IceCube - Neutrino Detector In The South Pole

Why doing astronomy with neutrinos, when they are so hard to detect. Well, the reason is simple, first of all, the neutrino has no electric charge, so it just is basically the same as a photon- the particle of light. So you are doing the same astronomy, the critical difference between neutrinos and light is- neutrinos go to walls and light doesn't. So the inferences that they may reach us from places in the universe that we have never seen before. So scientists built IceCube to do astronomy with neutrinos. Now the simplest way of thinking about astronomy is that you go out at night, you look at the sky and you see beams of light coming from stars. This is the perfect analogy.

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IceCube is basically a big eye that looks at the sky and instead of seeing beams of light, it sees the beams of neutrinos. Now, why were scientists interested in neutrinos? Why not use slightly cheaper and easier?

Well scientist are very likely to see very different things and in fact, at a moment they have detected the first beams and they are trying to figure out what they are actually seeing but educated guesses are that they are seeing very powerful cosmic accelerators may be a supernova, remnants gamma-ray bursts, active galactic nuclei, all the things that are part of the high-energy universe.

Complete Information From Official Website Of IceCube

What is so special about the South Pole?

The South Pole ice itself is the detector. Between one and a half and two and a half kilometers below the surface, groups of light sensors are in a position to see the light produced by particles passing through the ice. Over 5,160 of these light sensors have been deployed, instrumenting a volume of one square kilometer under the ice. High-energy neutrinos produce charged leptons when they interact with the ice. These leptons produce an explosion of light and Ice Cube captures it in its sensors.

What's critical in the design is? how far light travels through the ice?

The light sensors have to be spaced according to the absorption length, the average distance light travels in the ice. In tap water, a light will travel two meters and in distilled water, a light will travel eight meters. In ice beneath the South Pole, light travels more than 100 meters. In some places even more than 200 meters.

The ice in the South Pole is one of the clearest solids that exist. It may not be possible to build a solid in a laboratory as transparent as this ultra-pure ice which in the end is just snow that condensed and fell on Antarctica about 100,000 years ago at the depth of IceCube.

Scientists were doing an analysis where they were looking for extremely high-energy neutrinos. They actually knew exactly what they were looking for, they were looking for something that's called Cosmogenic neutrinos. It doesn't matter what is this? They didn't find any, but when they looked at the data they found something that they had never seen before.

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Over the year scientists have looked at thousands and thousands of events on the online display and knew they had never seen events like those - in fact, they were so special. After seeing them it was clear what was special about these events and they define the new analysis that could go and look for more of that of these. So by now, it has 26 more friends. Scientists claiming that we have evidence for neutrinos that come from space.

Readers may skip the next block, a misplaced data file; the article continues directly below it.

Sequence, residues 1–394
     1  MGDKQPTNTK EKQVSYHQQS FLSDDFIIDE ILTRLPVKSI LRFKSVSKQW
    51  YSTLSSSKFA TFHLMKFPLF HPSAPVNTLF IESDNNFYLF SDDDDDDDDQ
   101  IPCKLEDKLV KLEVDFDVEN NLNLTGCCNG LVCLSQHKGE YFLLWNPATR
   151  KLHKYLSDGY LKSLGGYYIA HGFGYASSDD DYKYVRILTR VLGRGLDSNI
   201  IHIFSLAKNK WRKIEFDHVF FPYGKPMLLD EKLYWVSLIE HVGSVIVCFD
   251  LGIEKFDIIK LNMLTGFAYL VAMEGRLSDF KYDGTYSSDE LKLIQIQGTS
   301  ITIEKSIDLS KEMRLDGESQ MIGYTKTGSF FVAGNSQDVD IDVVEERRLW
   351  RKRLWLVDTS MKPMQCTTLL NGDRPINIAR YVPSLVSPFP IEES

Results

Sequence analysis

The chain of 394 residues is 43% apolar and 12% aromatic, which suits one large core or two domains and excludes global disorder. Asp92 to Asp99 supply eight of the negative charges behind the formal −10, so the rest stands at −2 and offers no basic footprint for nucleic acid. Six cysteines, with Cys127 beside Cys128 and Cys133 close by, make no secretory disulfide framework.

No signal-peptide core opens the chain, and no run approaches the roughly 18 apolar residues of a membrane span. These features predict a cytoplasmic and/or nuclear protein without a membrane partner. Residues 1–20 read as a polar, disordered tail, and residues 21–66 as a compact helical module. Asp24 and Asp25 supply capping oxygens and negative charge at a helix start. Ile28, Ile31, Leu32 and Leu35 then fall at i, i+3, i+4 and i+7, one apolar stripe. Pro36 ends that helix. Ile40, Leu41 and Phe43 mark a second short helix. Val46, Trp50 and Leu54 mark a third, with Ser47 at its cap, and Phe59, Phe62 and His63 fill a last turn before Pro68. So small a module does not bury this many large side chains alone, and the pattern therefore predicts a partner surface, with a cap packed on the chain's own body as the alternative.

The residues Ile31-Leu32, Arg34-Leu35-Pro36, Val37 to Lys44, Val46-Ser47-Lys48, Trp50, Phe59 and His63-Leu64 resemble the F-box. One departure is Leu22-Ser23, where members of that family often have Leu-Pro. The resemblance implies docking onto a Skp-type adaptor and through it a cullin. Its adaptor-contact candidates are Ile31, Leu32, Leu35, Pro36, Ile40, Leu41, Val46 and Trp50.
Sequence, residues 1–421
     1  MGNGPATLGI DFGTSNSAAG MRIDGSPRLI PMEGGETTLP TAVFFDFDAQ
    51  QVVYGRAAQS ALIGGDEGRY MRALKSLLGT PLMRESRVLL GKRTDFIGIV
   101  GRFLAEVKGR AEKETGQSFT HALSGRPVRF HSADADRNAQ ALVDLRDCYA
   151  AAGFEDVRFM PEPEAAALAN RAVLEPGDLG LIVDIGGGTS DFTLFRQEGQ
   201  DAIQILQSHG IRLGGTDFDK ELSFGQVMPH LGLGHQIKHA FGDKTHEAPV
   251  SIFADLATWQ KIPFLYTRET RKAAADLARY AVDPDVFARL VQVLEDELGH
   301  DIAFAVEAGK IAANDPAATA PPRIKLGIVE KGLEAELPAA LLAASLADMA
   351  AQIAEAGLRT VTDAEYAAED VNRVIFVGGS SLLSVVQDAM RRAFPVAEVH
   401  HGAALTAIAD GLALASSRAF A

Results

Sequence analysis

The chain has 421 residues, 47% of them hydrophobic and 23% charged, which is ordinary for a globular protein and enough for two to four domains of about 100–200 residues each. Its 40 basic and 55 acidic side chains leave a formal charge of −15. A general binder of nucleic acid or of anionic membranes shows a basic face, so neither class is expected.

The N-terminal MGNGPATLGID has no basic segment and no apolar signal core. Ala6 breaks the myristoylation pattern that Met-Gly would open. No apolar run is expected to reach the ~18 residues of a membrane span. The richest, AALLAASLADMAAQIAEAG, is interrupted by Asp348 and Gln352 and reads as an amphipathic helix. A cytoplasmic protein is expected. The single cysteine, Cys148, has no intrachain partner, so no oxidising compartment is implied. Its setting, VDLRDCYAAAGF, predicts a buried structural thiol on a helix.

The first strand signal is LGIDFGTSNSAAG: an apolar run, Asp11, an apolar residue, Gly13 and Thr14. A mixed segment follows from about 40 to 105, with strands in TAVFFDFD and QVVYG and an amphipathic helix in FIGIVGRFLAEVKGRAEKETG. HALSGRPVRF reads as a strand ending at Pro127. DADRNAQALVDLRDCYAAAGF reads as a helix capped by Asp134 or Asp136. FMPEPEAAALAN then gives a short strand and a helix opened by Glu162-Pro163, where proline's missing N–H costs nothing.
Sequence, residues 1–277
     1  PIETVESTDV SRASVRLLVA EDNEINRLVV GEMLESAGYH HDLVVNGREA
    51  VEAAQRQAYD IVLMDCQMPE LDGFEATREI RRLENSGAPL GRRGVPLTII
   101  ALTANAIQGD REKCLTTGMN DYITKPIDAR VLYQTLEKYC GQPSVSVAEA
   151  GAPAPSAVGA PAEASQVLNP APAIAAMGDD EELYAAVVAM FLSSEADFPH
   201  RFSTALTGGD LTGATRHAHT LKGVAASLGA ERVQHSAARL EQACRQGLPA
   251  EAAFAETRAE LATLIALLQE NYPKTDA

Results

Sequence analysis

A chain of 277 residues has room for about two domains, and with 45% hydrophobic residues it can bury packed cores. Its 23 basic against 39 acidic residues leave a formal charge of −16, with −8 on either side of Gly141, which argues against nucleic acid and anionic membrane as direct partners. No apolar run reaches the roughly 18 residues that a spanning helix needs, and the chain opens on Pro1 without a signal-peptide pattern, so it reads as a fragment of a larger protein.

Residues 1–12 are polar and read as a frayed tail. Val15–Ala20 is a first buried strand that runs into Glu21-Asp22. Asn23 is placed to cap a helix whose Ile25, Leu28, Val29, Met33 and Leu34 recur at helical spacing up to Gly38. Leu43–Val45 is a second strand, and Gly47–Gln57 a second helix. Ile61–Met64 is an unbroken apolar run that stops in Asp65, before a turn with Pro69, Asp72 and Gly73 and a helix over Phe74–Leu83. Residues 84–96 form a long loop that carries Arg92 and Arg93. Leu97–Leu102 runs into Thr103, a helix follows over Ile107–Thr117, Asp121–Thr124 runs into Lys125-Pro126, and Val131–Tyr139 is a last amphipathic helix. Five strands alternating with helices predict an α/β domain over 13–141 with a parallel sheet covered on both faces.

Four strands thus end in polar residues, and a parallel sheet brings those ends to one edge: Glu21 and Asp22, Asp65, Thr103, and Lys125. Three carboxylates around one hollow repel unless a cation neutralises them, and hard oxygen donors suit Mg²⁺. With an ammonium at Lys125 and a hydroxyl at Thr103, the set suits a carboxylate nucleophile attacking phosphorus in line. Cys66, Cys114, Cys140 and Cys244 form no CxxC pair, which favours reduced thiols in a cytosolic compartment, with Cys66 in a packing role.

Where do they come from, that's next frontier. Some of them are not emitted in the direction of the center of the plane of our own galaxy. So they come from outside the galaxy. There are hints in the data that some of them actually may come from our own galaxy. The problem is there are not enough statistics, there are not enough events to come to a conclusion. Then scientists started the busy approach in a different direction. They started to look for more events and finding more of these very special events.

By the way, what's special about these events is that they have enormous energies. That's why they look different from anything scientists had seen before. Scientists detected a neutrino every six minutes but they are rather uninteresting and produced in our Earth's atmosphere. These events have 10 times bigger energy. So clearly scientists want to get more of these and so they build a bigger detector and are now figuring out how to do that any turns out.

It was not that difficult because scientists found out while building IceCube that the South Pole ice is much more clear than they guessed and so this allows them to build a much bigger detector by basically doubling the number of sensors that they have to deploy in the ice. So they were busily designing the next step.

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The matter is what makes it more special than any other form of energy?

Trillions of particles pass through us every second. One of them is so faint that it is extremely hard to detect. Could it be the answer to this question?

Types Of Beta Decay

There are three types of beta decay:

Standard beta decay

Standard beta decay involves the nucleus decaying by emitting an electron and a neutrino.

Double-Beta Decay

The second is Double-Beta Decay- where two electrons and two neutrinos are emitted simultaneously. Very few nuclei can undergo this decay. Since it requires that the isotope "One-Beta " decay from the original be more unstable making this simpler decay even more unlikely. The nuclei for which this decay has been observed are extremely stable with lifetimes greater than the age of the universe.

Beta Decay: Full Details - Source: oregonstate.edu

Neutrinoless Double-Beta Decay

Third as the yet unobserved channel is Neutrinoless Double-Beta Decay- for this decay to exist the neutrinos must annihilate each other. A process that requires the neutrino to be its own antiparticle and hence a different type of matter for all other particles.

J.J. Gomez-Cadenas, Principal Investigator NEXT IFIC CSIC Universidad de Valencia said, "total beta decay is a very rare decay process, so in some sense, it's very strange. But it has nothing special. It happens in a number of nuclei. What is very relevant is?  This decay is produced without the emission of neutrinos, why is that so? Because, it marks the existence of a very peculiar property of the neutrino, the fact that neutrinos, its own anti-particle."